The Daily Aztec

Time to act on climate change

It’s been suggested if the media alters the way they present information regarding climate change, it can influence the way we comprehend information on climate change and its effects. 

by Catherine Van Weele, Staff Writer

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The United Nations came out with a report in October warning us if we don’t get our act together soon, the damage climate change will have on our planet will become irreversible. 

The evidence of climate change has been mounting throughout the last several decades, and yet we remain apathetic and complacent to the slow destruction of our home planet.

We are already beginning to see the harmful effects climate change has on our planet.  

Global warming is triggering the ice caps in the Arctic to melt which, in turn, is causing sea levels to rise.

As a coastal city, the consequences of this matter will likely be seen significantly here in San Diego. 

The homes and businesses located by the shoreline will eventually be underwater as the ocean moves further inland.

It would hurt the environment, and the economy as well.

This is not the only repercussion that we have seen. 

The massive fires in California over the past few years were caused by heat and drought — both brought on by climate change. 

An increase in extreme weather and irregularity in precipitation patterns could also cause a decline in agricultural production, leading to food shortages.  

Higher annual global temperatures may result in an increase of heat-related illnesses and cause longer allergy seasons.  

We are already witnessing the damages of climate change, but our willingness to actively promote and support the well-being of the planet is as low as ever.

Our indifference may be attributed to the way our brains evolved to process information and danger.

 The human brain is wired to respond to immediate and direct threats. 

Climate change is a gradual, cumulative danger that has no visible effect on our day-to-day lives; our brains are unable to fully comprehend to this issue of great quantity and complexity.  

Most people understand climate change can negatively affect others, but do not believe it will harm them personally. 

Thus, we are left feeling impartial to climate change.

We need to find a way to overcome this impartiality.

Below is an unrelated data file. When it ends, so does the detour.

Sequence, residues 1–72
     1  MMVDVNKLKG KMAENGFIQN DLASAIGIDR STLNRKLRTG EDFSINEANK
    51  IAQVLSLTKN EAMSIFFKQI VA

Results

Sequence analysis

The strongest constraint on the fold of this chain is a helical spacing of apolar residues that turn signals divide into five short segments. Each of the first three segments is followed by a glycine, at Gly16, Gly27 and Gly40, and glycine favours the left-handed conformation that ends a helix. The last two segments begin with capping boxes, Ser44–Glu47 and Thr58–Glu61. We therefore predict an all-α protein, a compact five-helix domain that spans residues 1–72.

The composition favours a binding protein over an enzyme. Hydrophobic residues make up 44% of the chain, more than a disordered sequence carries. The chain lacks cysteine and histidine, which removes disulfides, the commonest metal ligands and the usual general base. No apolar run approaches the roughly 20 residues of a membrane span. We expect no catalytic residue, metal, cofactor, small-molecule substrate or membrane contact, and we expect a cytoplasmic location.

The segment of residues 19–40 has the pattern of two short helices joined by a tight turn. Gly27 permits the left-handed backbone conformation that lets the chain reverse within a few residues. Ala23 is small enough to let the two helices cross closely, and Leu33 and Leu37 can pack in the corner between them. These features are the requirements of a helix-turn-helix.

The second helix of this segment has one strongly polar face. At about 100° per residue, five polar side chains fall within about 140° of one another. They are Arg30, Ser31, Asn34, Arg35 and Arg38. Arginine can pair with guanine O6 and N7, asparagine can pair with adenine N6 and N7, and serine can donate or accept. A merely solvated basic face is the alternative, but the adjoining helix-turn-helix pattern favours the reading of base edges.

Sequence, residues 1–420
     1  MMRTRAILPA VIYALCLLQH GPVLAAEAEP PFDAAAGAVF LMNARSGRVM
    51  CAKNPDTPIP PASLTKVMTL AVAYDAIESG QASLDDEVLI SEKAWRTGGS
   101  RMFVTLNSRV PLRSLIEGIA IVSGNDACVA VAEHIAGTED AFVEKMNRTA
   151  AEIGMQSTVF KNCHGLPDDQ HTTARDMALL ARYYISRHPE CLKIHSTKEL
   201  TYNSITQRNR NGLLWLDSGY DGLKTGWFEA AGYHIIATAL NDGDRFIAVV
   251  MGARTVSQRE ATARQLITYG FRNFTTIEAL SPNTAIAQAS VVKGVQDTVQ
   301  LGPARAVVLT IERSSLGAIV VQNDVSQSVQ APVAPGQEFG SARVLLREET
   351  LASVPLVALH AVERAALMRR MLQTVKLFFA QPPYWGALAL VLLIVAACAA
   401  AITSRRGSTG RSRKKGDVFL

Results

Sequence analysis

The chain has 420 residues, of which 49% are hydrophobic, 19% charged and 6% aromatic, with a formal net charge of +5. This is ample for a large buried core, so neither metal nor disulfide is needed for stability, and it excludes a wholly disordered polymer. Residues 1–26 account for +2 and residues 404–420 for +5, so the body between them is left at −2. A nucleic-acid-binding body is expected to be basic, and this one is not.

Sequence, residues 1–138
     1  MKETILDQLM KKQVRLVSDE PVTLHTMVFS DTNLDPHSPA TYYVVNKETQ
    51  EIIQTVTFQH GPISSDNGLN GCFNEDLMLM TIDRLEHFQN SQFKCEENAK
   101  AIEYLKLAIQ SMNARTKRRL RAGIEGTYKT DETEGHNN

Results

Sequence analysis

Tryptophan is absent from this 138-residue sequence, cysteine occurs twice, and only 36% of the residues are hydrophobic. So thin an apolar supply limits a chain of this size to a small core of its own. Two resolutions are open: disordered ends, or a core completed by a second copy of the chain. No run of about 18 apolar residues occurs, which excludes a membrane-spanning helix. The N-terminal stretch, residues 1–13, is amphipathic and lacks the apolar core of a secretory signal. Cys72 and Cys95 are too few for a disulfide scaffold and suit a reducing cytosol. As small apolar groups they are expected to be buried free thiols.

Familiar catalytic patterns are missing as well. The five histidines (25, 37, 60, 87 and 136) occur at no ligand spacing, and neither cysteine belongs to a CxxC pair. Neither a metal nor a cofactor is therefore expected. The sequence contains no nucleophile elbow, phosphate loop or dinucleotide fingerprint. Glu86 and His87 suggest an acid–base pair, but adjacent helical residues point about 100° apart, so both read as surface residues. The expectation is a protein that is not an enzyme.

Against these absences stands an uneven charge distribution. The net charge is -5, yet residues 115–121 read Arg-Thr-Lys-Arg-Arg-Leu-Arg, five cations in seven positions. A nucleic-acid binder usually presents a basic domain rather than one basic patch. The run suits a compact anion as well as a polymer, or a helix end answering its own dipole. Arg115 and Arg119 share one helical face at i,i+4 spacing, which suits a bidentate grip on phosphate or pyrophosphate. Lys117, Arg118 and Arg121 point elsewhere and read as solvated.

It’s been suggested if the media alters the way they present information regarding climate change, it can influence the way we comprehend information on climate change and its effects. 

 Instead of the narrative that we are all doomed and incapable of reversing our fate, the use of selective framing will help people believe they have the ability and duty to take action.

This means that media organizations, like television networks and news outlets, should take steps to frame climate change differently when presenting to various demographics. 

Tailoring how drastically climate change will impact specific demographics will make them more responsive.

In a study conducted by the Social Science Quarterly, they found the way an article framed climate change to address different moral values of various ideological groups influenced the level of support toward environmental issues. 

For example, presenting climate change as a security risk or a human rights risk, then individuals will assign it great importance.

The study used several different framing perspectives centering around science, religion and economics.

 A positive scientific framing focused on what we can do to improve the planet as opposed to negative scientific framing expressing how we will continue damaging the planet through our actions. 

Religious framing equated preserving the earth to protecting God’s creation. 

Economic framing emphasized socioeconomic equity and the potentially heavy costs in response to climate change in the future and that it would be more cost effective to invest in the environment now.  

The study found positive scientific and economic framing reduces the polarization of climate change and garners more support.

 The Trump administration continues to roll back on important environmental policies, and it is our responsibility to push back. 

If not, the effects of climate change will only worsen and if the recent UN report is accurate, our time to fix our ways is running out. 

We must find a way to care enough to take action by changing our habits and supporting environmentalist legislation to protect our home planet. 

Catherine Van Weele is a freshman studying political science.

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